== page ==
When it comes to estate planning, many people wonder what happens to their money when they die. Read on to learn more.
What is a Will?
A will is one of the most important documents you can create when it comes to the estate planning process. A will is a legal document that allows you to declare what should happen to your assets in the event of your passing. Some of the assets you may include in your will are real estate, bank accounts, securities, and items of personality. You can also include gifts for your friends and family members, be it a letter you’ve written, or a favorite photograph. An executor will then be in charge of making sure these assets go where they are supposed to.
What is an Executor?
Executors have a significant role when it comes to handling an estate. Generally, executors are responsible for managing all of your assets and your estate as a whole. Your executor will first have to bring your last will and testament to the surrogate court. Once the probate process begins and your will is deemed valid, your executor will then have to handle any financial obligations of your estate. Typically, this involves making outstanding payments or taxes, usually with the help of an experienced attorney. Your executor will also distribute all the assets within your estate to their corresponding beneficiaries. If a beneficiary contests your will’s validity, your executor is in charge of resolving these issues. The role of executor is a large responsibility, so it is important to choose someone you trust.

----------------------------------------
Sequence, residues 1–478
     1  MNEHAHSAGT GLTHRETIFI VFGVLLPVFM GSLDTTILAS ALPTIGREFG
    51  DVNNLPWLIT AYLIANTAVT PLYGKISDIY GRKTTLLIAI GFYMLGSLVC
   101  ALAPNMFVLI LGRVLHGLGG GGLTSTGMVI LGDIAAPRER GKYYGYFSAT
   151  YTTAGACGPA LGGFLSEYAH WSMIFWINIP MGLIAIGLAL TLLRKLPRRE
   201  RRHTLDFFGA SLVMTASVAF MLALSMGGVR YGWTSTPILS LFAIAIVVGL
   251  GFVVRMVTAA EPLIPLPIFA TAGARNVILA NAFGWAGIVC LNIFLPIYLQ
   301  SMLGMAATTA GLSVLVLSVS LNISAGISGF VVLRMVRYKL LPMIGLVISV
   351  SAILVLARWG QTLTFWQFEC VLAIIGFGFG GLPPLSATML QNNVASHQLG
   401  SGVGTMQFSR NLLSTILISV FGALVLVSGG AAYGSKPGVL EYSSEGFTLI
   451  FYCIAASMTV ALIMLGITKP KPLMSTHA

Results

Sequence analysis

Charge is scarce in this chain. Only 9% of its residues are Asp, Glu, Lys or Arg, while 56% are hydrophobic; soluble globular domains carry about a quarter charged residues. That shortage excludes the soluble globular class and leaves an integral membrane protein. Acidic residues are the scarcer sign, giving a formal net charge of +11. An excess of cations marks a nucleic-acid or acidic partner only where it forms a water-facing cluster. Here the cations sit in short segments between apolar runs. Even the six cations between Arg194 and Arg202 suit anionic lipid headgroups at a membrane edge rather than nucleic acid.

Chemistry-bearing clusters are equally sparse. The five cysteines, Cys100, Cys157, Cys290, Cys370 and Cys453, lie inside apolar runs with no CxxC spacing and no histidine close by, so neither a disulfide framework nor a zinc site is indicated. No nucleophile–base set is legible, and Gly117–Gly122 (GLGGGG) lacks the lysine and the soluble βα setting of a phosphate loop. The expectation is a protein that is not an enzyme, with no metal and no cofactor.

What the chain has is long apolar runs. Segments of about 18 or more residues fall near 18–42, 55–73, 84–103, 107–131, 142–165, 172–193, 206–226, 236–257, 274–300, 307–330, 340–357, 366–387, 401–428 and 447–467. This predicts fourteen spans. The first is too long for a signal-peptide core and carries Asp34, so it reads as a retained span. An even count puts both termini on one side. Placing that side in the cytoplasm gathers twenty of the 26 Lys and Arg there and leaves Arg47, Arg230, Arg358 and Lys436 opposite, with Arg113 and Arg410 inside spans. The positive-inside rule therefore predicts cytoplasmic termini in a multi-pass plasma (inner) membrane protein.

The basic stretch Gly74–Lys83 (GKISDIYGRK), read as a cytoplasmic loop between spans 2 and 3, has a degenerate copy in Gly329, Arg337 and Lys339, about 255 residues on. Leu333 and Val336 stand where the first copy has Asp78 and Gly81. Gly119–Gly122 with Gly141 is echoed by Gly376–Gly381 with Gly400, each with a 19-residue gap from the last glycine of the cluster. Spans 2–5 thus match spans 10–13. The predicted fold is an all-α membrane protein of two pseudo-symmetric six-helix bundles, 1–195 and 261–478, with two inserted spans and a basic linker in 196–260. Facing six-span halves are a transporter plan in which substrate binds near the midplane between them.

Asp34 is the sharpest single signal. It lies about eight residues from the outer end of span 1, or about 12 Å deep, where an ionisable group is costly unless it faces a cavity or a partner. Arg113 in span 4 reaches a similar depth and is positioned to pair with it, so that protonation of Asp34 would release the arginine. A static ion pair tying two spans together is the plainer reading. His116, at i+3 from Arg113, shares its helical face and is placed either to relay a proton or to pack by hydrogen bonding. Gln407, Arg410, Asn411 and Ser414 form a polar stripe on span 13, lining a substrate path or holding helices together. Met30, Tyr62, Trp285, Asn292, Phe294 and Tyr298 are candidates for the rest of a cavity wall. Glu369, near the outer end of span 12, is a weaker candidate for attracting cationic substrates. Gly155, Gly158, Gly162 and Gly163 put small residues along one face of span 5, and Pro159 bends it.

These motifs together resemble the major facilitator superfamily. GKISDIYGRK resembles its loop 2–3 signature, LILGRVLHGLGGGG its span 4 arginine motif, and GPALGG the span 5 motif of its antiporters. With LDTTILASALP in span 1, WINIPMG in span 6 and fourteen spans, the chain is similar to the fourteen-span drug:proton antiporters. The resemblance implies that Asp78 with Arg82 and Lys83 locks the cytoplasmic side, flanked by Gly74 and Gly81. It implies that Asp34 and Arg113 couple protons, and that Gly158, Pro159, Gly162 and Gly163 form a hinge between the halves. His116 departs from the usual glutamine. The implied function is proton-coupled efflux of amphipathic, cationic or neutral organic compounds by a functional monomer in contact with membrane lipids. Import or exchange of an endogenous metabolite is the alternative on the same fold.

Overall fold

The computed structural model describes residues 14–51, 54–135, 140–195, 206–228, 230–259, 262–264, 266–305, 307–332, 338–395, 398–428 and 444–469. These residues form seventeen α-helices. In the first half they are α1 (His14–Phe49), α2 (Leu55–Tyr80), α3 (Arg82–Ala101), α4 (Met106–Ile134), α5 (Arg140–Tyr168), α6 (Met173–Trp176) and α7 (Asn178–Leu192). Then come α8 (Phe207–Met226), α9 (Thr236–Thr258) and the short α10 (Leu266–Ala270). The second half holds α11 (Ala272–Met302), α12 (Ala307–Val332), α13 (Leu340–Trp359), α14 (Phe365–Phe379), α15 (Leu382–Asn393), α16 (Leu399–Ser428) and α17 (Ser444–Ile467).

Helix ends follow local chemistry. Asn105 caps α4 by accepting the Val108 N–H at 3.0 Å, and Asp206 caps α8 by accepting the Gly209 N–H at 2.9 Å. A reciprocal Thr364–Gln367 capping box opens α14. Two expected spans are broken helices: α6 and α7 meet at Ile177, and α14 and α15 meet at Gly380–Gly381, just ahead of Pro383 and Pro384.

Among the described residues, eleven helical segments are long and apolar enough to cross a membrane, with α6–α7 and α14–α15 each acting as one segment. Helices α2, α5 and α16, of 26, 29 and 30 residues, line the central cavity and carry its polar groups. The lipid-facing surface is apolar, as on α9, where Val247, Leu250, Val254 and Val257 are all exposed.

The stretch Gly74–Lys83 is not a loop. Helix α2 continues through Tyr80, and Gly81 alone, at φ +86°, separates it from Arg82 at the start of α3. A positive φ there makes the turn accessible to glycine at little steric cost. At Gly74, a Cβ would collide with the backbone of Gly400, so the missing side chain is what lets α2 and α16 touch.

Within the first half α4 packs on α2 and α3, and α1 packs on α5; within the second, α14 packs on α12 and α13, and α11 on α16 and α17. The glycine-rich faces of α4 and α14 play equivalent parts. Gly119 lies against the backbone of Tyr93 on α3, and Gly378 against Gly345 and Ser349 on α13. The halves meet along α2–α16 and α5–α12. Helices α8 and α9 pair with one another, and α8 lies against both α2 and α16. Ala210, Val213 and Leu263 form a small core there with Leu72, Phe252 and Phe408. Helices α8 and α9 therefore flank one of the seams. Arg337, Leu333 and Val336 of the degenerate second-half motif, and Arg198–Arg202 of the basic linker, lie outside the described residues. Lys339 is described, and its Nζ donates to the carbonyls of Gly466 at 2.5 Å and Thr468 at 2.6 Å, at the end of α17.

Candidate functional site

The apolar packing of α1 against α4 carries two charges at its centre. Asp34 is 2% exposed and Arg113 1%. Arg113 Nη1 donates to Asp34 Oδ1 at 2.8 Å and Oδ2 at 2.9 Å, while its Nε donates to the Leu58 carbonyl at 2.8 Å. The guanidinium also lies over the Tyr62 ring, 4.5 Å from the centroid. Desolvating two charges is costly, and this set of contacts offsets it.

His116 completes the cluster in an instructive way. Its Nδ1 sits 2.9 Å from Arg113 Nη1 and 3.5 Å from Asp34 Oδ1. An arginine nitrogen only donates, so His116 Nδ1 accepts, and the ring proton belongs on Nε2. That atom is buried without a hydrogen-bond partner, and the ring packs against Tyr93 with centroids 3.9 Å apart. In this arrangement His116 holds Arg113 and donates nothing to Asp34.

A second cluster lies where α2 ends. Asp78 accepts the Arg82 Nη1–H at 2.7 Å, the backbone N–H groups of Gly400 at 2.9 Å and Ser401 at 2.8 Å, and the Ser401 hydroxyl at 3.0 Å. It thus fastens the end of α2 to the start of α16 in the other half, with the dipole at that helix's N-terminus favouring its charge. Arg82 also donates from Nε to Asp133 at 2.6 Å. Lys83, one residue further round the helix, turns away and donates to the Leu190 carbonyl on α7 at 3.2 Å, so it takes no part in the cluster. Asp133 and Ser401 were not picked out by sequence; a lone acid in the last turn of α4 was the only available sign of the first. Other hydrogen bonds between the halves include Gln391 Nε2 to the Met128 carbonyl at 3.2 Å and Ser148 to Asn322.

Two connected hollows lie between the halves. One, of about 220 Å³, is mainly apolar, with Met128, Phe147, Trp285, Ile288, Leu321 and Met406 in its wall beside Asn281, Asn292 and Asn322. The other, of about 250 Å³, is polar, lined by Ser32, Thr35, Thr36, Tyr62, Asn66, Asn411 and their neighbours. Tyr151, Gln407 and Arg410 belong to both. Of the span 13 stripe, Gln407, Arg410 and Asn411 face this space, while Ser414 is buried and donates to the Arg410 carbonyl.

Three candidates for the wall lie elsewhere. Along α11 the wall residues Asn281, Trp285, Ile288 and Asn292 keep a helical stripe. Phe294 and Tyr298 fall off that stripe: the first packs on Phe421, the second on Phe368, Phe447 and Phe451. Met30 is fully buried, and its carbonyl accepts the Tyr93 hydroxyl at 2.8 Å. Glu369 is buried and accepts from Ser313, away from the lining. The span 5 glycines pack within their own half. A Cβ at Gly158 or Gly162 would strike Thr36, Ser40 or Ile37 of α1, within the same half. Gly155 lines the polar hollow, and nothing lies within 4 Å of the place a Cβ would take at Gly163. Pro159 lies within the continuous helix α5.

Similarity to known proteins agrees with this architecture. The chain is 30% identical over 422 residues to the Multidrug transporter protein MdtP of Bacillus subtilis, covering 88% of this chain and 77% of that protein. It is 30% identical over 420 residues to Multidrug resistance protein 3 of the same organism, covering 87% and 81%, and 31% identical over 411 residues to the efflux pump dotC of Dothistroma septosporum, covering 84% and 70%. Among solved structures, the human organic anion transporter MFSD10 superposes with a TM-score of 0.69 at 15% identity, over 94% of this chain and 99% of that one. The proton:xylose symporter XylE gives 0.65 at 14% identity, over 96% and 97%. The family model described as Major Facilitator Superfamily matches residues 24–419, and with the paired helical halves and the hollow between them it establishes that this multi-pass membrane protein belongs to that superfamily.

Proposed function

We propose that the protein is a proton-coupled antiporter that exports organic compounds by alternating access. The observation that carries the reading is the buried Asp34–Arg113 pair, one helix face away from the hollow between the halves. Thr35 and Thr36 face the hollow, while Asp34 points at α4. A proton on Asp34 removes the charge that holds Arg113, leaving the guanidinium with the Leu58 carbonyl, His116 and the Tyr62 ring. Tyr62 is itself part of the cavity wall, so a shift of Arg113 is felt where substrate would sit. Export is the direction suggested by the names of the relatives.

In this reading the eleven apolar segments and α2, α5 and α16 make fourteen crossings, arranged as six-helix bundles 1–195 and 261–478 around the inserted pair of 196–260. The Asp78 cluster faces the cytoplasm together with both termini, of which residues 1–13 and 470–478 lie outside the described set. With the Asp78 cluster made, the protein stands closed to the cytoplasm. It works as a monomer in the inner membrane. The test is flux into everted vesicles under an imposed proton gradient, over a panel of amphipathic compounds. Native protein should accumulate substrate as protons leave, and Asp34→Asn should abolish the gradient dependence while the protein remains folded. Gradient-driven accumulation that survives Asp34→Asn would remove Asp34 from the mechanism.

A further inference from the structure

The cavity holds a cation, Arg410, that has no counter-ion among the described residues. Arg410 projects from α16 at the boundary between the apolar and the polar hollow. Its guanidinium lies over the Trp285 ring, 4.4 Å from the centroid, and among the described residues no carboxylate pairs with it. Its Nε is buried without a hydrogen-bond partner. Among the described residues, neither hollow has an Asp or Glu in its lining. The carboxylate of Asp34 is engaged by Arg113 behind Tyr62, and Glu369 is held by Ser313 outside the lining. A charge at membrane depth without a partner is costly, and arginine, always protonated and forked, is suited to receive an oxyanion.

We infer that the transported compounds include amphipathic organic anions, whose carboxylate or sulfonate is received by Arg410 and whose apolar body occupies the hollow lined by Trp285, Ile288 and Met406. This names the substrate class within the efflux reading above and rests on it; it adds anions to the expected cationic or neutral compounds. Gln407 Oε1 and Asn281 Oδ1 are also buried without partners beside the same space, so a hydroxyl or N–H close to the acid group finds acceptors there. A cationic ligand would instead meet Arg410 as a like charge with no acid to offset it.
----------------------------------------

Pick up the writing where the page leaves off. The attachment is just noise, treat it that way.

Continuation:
What is a Trust?
Another way to declare where your assets should go is by creating a trust. A trust is a legal document that is used to manage certain assets.
The two main types of trusts available include:
- Revocable Living Trusts: can be altered and revoked by the trustor at any point, for any reason
- Irrevocable Trusts: can only be modified with permission from the beneficiary
If you have any questions or concerns about what happens to your money once you die, reach out to an experienced estate planning attorney. We are here to walk you through the estate planning process and ensure that your wishes are properly executed.
Contact our Firm
Sometimes, divorce, family, and estate matters are difficult to navigate. Fortunately, they do not have to be with the assistance of a compassionate, knowledgeable attorney who is willing to guide you every step of the way. If you need a seasoned firm to help you with any divorce, family or estate-related matter, please do not hesitate to contact Collis, Griffor & Hendra today to schedule a consultation.